Monday was the first day in five months that Detroit’s 36th district court could start hearing eviction cases—though according to the court, hearings on some 200 eviction cases will not begin until at least next week. The court’s eviction moratorium lasted a full month longer than Michigan’s statewide moratorium.
But its expiration still drew protesters to the court. They say given how hard-hit economically Detroit has been by the COVID-19 pandemic, an eviction moratorium should still be in place, and warn that the court is about to see a slow tsunami of eviction cases.
Khalifa McZeal is with the group Detroit Eviction Defense. She said programs such as Michigan’s Eviction Diversion program, which will cover up to 90% of participating tenants’ rent if their landlord is willing to participate, won’t be enough to protect tenants in trouble with rent through no fault of their own. The state funded that program with fifty-million dollars.
“As soon as those funds start kicking out, believe me that fifty million will go fast,” McZeal said. “And then what?”
McZeal and other advocates said the eviction crisis is likely to be a slow wave.
“So you have basically six months of people who possibly have been out of work and have not paid their rent,” she said. “All of those landlords cannot rush down here at one time. So when they eventually come trickling through, then they’re going to start seeing the cases.”
The protesters say they’re willing to build a movement to prevent evictions. They pledged to do everything they can to give tenants aid, from legal help to physically defending them from eviction if necessary.
Tristan Taylor has led Detroit’s anti-police brutality protests, and heads the group Detroit Will Breathe. He says that movement needs to show up for people facing eviction too.
“This is the movement that has people’s backs,” Taylor said. “And we will defend them no matter what. We refuse to comply with unjust laws.”
On Friday, Chief Judge McConico issued the following statement about the resumption of eviction proceedings at 36th district:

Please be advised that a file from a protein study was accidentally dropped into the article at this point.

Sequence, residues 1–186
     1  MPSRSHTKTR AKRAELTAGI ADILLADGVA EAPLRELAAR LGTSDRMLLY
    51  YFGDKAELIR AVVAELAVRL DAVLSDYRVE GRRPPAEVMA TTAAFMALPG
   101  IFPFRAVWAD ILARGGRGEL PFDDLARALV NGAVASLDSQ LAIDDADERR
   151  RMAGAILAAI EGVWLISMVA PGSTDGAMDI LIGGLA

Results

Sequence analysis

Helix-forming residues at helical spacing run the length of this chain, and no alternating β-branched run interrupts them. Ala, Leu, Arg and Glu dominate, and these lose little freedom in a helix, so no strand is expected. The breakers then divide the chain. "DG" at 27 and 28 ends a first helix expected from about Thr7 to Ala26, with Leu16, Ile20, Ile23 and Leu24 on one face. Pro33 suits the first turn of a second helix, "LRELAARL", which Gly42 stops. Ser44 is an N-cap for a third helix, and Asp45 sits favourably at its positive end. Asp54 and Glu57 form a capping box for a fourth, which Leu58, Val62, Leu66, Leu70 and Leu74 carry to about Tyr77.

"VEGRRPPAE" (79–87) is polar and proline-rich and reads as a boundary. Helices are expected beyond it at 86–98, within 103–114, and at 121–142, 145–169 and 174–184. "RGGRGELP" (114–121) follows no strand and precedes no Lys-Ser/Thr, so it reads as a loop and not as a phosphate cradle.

“The 36th District Court Eviction Moratorium extension lasts through 11:59 pm on August 15, 2020. Eviction hearings will commence the week of August 17, 2020. While we have a backlog of approximately 900 cases, based on updates provided by plaintiffs and plaintiff attorneys, we expect to initially hold hearings for approximately 200-300 of those cases.
Given the current pandemic and corresponding health restrictions, the Court is still primarily closed to the public. Consequently, tenants can expect to have virtual hearings unless they do not have internet or phone access, in which case the Court will make accommodations for in-person hearings. Legal representation will be provided by UCHC, Lakeshore Legal Aid and Michigan Legal Services for tenants who desire legal representation. All hearings, virtual and in-person, will be conducted at a set time and date. Those who do have to appear at the Court in person will be subject to a health screening process in order to enter the building. Anyone who enters the building will be required to wear a mask and practice social distancing. The Court’s website is a good tool to check on cases and learn about the screening process.
Absent a new directive from the Governor or the President regarding eviction moratoriums, the 36th District Court does not plan to extend the moratorium for this jurisdiction any longer because there are now programs (i.e. Eviction Diversion, free legal representation, relocation assistance, help with utilities, mediation, etc.) and resources in place to help tenants and landlords. Those resources cannot be fully accessed while the moratorium is in effect.”